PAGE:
Logistical Challenges

Residents will also have access to on-site services (provided by Episcopal Community Services of San Francisco) that include case management; assistance with basic food, clothing, and transportation needs; and support in connecting to additional off-site services.

While the building’s assembly-line construction is faster and more cost-efficient than traditional methods, there have been challenges. Logistics are a headache — although the factory makes its deliveries at night, drivers must maneuver the massive and unwieldy two-unit modules over the bridge, and streets must be closed to allow crews to hoist the apartments off the truck and into place. Factory_OS employs hundreds of union carpenters, but the San Francisco Building Trades Council has raised concerns over whether modular construction poses a threat to other skilled tradespeople such as plumbers and electricians, who would perform a greater share of the labor at a traditional build.

And yet, says Givens, the project is coming together remarkably well, thanks to what team members describe as an unshakable, shared commitment to completing the project at least 30% faster and at a cost 25% to 30% below average for similar projects. That goal has required everyone on the team to take strategic risks, ranging from purchasing a parking lot site that hadn’t yet been approved for a zoning change to providing insurance company-level underwriting for Factory_OS, which was a startup with limited insurance when the project began.

“This project hasn’t always taken a straight line, but we’ve all been very clear about the goals from the very beginning, and that’s been our guiding star,” Givens says. “Everybody’s been willing to take risks, to put themselves out there and to give back to the community.”

Despite their use of philanthropic capital, the project required the long-term financial commitment of the City and County of San Francisco, Foster says. They were able to secure low-income housing tax credits and tax-exempt bonds in partnership with the State of California and Citibank, financed against a long-term lease payment and operating subsidies provided by the city. Perhaps most notably, the credits and bonds have allowed the team to pull the philanthropic capital back out of the project and rotate it into other affordable housing projects as the permanent financing sources come online.

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The housing units being assembled at Factory_OS on the left, and Liz Givens and Rebecca Foster in one of the housing units on the right. Credit: Drew Kelly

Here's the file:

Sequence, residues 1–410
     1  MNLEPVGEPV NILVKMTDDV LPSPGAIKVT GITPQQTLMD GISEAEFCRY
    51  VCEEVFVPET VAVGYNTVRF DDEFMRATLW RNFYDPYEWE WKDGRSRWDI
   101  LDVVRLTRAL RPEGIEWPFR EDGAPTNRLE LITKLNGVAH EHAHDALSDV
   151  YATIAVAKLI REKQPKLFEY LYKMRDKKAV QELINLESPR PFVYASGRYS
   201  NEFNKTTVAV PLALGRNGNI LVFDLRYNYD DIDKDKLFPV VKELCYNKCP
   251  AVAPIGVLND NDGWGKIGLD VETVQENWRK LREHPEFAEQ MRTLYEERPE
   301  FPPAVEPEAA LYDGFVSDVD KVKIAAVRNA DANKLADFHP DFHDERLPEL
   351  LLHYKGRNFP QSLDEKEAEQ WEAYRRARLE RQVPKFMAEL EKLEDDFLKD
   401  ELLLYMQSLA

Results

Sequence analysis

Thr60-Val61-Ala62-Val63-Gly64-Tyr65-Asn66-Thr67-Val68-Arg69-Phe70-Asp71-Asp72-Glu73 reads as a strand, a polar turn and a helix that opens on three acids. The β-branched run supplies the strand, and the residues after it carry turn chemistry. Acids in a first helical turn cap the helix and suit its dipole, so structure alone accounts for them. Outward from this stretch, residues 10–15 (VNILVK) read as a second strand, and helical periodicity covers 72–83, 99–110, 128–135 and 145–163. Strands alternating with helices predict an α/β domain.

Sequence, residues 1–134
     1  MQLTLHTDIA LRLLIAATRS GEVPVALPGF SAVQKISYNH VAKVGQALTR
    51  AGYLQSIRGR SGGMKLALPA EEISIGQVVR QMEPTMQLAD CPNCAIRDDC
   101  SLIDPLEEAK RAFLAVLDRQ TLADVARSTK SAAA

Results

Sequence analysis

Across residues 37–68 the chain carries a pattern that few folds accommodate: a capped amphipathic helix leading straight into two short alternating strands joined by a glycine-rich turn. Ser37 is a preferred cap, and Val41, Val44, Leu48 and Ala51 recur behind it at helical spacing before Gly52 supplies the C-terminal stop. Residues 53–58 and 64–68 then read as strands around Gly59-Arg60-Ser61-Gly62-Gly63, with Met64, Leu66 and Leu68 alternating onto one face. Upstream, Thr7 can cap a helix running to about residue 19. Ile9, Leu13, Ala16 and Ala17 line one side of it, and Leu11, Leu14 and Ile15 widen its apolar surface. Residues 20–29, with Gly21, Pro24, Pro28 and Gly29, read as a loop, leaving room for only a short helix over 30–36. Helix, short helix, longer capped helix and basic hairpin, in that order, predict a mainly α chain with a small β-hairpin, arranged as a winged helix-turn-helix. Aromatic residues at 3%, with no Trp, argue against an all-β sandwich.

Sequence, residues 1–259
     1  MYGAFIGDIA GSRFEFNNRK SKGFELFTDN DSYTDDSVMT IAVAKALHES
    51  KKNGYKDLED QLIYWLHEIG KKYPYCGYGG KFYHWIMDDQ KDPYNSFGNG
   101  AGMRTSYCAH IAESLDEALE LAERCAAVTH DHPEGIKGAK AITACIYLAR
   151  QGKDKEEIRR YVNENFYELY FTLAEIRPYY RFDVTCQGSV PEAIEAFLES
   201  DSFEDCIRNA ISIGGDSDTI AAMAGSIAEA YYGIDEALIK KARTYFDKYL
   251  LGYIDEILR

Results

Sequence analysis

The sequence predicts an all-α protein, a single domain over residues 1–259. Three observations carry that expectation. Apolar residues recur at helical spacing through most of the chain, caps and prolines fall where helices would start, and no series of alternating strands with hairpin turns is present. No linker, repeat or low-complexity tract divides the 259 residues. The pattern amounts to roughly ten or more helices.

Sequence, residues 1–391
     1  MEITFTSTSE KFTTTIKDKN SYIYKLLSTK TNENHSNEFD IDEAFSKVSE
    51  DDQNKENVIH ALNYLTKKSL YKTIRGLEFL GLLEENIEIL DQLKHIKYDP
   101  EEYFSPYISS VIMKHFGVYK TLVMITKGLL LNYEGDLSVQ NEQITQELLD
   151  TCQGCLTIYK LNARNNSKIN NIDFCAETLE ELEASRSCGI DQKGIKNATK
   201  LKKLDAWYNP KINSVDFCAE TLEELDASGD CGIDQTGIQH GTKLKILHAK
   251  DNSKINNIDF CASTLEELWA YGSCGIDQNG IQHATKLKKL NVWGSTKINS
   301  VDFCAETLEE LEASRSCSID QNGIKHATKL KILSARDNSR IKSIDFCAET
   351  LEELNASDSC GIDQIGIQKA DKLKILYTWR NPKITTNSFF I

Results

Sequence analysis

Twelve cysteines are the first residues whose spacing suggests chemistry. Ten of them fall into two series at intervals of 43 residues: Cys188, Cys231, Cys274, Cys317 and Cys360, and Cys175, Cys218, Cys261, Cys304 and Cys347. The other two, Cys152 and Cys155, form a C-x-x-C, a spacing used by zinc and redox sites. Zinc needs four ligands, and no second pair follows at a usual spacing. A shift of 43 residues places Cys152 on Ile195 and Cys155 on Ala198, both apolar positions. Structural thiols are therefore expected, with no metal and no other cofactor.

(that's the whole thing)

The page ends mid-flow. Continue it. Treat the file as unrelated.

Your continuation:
Left: The prefabricated units are produced at Factory_OS in nearby Vallejo, California, then stacked together at the San Francisco building site. | Courtesy San Francisco Housing Accelerator Fund. Right: The microstudios are small but efficient. Each is 260 square feet and has a large window, a private bath, recessed lighting, and a built-in kitchenette. | Drew Kelly

More to Come

To date, $22 million of an estimated $42 million of those revolving funds have been reinvested into two lower Nob Hill hotels: the 232-unit Granada Hotel on Sutter Street and the 130-unit Hotel Diva on Geary Street, both of which will be refurbished to provide additional supportive housing for homeless residents. The arrangement plays to the strengths of all involved, Foster says.

“You can’t make permanently affordable housing for people with extremely low incomes without the massive funding capabilities of government, but government isn’t good at moving quickly and creatively,” she says. “Here, we were able to do what flexible capital does best — push on innovation and speed and take on all that strategic risk that’s so hard for government to do, so we could bend the time and cost curve.”

Team members hope to replicate their model — with even more speed and cost savings — in other housing projects for those experiencing homelessness. There is also the potential of improving the lives of people who aren’t homeless but still struggle to afford housing in one of the world’s most expensive cities.

The Bryant Street model, they believe, can be developed to make it possible for essential workers such as teachers and food servers — and others who are not part of the Bay Area’s lucrative tech economy — to rent pleasant apartments close to their jobs, saving them the stress of climbing over multiple sleeping roommates each morning, or making hours-long commutes in the dark from more affordable cities.

“Construction and housing is pretty entrenched in bureaucracy and ‘how it has to be,’” says Kathryn Cahill Thompson, MBA ’06, CEO of Cahill Contractors, the project’s general contractor. “This team was able to break the mold and use private funding to try something new. This is a really powerful tool that’s getting a proving ground on this 833 Bryant project. I think it’s a demonstration that’s going to be repeated in the Bay Area and around the country.”

Addressing such a fundamental problem while collaborating with classmates makes the rewards all the more fulfilling, Foster says. “Working with this team is another reminder of what an incredible part of the universe the GSB is. Part of what you get at the GSB is a confidence in your ability to create something and to solve problems, and the knowledge that you can reach out to all these resources you might have, call a professor, call a classmate. All that came back to me with this project.”

Givens agrees. “It’s been hugely fun and rewarding,” she says. “The caliber of GSB alumni doing interesting things and working in the nonprofit sector in the Bay Area was really what attracted me to the school, and I knew I’d get that entrepreneurial approach to solving some of society’s biggest challenges.

“People need hope that things can get better, and this project is a beacon of hope that solutions are possible. In these COVID times, we all can use that.”